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Jim Waller Big Band: Bucket List
By George W. Harris of Jazz Weekly • December 12, 2020
Big band leader Jim Waller plays tenor sax, soprano sax and Hammond organ, along with composing a few tracks here mixed in with standards for a bold and beautiful 20+ member team. There’s even a string section brought in for a dramatic take of “Rhapsody In Blue” that has the sax section lusciously framing the leader’s own tenor solo. Vocalist Jacqueline Sotelo gets sassy on voice and while scatting on the hip read of “I Love Being Here With You” and cozy on the back beating “Goody Goody” while gliding through "Georgia On My Mind" with the
sweetness of a mint julep. The rhythm shuffles strong under Joey Colarusso’s bari sax on “Blues For Los Blues” and pianist Chris Villanueva and drummer Will Kennedy propel the fertile latin soil on “Samba For Suzell”. The sections are strong, and the team shows its plugged in side on the foot stomping “Funksuite 109” with Waller wailing on the organ and Jason Valdez searing on the guitar. Swinging sounds.
That's the whole article so no link for this one
The big-band era is a distant memory but the genre still has much to offer as multi-instrumentalist Jim Waller shows on the many moods of his debut album. The personnel, except for drummer Will Kennedy who is with the Yellowjackets, are new to me but they are clearly tip-top professionals able to interpret Waller’s eclectic charts while contributing memorable solos. With the opening Samba For Suzell we are in Tito Puente territory. Waller’s tenor dances inventively over the buoyant rhythm and Chris Villanueva contributes a fundamental ingredient to the samba idiom - the montuno.
Colorful catchy big band jazz Jim Waller Big Band – BUCKET LIST: I started off with the splendid Hammond B3 filled "New Blue Funk", (Jim plays the B3 like a true master, as well as excellent tenor and soprano sax)… one of the rockin’est jazz tunes I’ve heard (yet) in 2020. Though I looked, I couldn’t find a LIVE video of the group, but the entire album will be available to you when you SUBSCRIBE to the Jim Waller Big Band topic channel.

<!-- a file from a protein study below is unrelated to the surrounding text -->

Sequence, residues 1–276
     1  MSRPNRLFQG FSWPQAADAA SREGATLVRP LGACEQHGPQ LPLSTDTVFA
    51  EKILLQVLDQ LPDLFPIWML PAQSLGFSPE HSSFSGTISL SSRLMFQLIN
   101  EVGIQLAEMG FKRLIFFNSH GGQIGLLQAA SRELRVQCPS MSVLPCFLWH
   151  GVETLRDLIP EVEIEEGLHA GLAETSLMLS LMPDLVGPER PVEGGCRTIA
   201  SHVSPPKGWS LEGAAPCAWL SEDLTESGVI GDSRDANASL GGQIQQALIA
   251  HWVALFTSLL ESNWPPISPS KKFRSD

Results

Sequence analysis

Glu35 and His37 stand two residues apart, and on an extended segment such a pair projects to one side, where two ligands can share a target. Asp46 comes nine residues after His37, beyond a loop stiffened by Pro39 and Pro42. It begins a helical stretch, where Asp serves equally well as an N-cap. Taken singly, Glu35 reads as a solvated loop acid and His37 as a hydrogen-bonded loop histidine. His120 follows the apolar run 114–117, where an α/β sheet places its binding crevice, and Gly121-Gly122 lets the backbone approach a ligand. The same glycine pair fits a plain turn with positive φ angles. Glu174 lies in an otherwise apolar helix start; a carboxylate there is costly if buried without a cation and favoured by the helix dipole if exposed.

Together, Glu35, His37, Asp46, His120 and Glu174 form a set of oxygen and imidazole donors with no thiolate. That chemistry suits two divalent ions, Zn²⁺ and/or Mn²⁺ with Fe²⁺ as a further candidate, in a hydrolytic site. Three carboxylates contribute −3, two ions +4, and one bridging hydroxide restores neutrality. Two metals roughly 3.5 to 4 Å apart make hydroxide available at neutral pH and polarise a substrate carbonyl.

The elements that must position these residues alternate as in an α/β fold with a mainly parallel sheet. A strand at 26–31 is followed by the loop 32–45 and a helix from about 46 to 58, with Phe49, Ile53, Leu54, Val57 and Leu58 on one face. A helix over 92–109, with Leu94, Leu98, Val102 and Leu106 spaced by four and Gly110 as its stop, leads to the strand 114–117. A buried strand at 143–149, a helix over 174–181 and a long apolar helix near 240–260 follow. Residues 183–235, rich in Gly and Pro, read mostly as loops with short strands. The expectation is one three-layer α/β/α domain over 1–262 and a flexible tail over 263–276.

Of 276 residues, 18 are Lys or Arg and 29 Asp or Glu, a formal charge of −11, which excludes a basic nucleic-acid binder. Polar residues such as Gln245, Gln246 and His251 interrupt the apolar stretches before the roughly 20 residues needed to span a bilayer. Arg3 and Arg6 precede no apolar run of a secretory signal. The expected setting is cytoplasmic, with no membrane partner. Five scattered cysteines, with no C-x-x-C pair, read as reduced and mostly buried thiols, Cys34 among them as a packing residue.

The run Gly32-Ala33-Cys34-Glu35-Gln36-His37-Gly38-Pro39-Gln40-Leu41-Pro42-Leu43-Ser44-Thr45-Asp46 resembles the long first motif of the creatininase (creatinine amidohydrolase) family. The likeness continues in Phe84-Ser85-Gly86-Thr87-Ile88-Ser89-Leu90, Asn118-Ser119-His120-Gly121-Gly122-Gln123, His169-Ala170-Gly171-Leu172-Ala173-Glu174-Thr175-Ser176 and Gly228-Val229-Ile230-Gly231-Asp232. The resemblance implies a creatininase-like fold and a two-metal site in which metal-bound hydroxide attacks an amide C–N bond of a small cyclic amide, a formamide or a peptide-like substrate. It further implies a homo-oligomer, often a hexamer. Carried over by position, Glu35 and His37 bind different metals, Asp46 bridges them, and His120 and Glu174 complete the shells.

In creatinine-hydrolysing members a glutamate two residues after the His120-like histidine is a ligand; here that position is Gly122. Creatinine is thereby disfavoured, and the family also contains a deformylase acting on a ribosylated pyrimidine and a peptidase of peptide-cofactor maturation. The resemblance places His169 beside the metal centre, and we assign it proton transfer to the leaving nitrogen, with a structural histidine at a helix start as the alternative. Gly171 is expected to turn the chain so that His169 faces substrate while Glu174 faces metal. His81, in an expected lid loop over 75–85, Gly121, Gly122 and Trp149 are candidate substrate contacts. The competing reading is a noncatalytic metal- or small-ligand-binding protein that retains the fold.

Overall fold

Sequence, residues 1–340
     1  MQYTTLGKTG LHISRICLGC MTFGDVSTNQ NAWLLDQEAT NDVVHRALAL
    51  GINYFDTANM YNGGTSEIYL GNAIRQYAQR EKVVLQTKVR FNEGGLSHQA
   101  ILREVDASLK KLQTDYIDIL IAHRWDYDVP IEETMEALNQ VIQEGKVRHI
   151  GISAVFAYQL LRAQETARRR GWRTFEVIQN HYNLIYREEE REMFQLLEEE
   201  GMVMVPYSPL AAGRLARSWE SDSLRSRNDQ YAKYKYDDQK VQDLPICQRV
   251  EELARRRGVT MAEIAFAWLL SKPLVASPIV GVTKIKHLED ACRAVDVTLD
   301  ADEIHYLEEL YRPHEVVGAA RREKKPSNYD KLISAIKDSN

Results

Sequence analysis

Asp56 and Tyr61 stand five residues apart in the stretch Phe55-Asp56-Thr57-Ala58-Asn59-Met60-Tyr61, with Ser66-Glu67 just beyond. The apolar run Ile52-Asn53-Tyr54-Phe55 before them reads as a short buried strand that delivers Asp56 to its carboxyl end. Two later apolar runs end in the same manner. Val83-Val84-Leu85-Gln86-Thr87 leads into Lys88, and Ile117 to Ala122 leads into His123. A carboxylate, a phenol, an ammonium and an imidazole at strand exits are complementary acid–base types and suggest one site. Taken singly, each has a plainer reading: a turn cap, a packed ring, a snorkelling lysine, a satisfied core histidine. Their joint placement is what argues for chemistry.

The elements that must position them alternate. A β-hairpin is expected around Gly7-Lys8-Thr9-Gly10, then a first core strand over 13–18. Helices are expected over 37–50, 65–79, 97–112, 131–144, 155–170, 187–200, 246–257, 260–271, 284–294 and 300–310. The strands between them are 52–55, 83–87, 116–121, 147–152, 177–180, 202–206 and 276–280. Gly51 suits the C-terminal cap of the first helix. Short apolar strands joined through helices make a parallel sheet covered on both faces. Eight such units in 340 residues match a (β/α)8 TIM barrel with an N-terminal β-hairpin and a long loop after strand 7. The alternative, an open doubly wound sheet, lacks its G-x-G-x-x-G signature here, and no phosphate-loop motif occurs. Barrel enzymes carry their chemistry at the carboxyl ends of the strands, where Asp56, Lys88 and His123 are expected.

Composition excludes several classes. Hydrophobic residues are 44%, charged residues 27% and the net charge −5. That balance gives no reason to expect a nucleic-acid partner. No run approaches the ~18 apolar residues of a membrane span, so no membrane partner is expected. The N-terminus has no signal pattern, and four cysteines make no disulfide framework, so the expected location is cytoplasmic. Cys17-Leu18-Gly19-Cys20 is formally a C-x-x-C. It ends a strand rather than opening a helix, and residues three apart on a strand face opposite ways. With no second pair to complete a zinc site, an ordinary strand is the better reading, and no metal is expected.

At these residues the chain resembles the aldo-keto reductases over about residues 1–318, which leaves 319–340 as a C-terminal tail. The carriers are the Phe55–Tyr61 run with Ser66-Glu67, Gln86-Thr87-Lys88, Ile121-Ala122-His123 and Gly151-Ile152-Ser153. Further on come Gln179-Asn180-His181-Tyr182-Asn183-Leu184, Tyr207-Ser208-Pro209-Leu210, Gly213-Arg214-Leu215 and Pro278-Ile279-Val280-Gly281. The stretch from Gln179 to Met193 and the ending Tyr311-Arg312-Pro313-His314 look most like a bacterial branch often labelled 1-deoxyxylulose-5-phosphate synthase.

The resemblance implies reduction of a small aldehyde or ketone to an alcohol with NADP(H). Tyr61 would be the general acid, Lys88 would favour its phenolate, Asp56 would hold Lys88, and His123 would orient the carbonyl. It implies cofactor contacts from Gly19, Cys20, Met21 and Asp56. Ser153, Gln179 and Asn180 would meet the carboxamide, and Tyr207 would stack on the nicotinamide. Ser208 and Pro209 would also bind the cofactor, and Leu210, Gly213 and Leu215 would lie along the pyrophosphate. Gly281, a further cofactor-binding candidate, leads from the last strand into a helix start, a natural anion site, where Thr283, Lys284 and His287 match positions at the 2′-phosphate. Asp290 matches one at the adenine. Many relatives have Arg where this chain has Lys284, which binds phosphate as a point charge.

Some might consider Jim Waller an over-achiever. He is a competent player of alto & soprano saxophones, the trombone, organ, piano and is a well-respected arranger and composer. No wonder that he found himself eager to put together a big band to interpret his original compositions and play his arrangements. The “Bucket List” album presents a number of familiar standard songs with five of Waller’s original songs included. You could say this 21-piece Jim Waller Big Band is a big accomplishment from his personal bucket list.
Anyone with the persistence of vision to organize a big band in 2020 deserves praise, if only in recognition of the challenges they’ve certainly faced and overcome. But Bucket List earns my admiration because it’s a fine album as well. With a mix of originals (by saxophonist and band leader Waller) and classics (by Hoagy Carmichael, Gershwin, Billie Holiday etc.) it’s a delight start to finish. There’s Latin-flavored material (“Samba for Suzell”), but most of Bucket List is uptempo, brassy, sexy stuff. Even the vocals and occasional scatting – characteristics I don’t usually enjoy in this context – are top-rate. Great stuff.
Whole review - No link
Have you ever noticed that the word ‘debut” appears often on these pages for upstart and veteran jazz artists alike? Yes, we now bring you yet another from veteran multi-instrumentalist, composer, arranger, and educator Jim Waller. As the title indirectly suggests, this is Waller’s fulfillment of a dream – his first big band album. He leads a 21-piece ensemble with vocalist Jacqueline Sotelo on five cuts, the standards; and esteemed Yellow Jackets drummer Will Kennedy driving the band for 14 selections that run well over an hour. Waller provides all arrangements, 7 of the 14 compositions and several tenor solos while also contributing on soprano and organ. The material covers a wide swath from Latin to swing to funk to straight-ahead standards. Variety is an integral part of Waller’s DNA.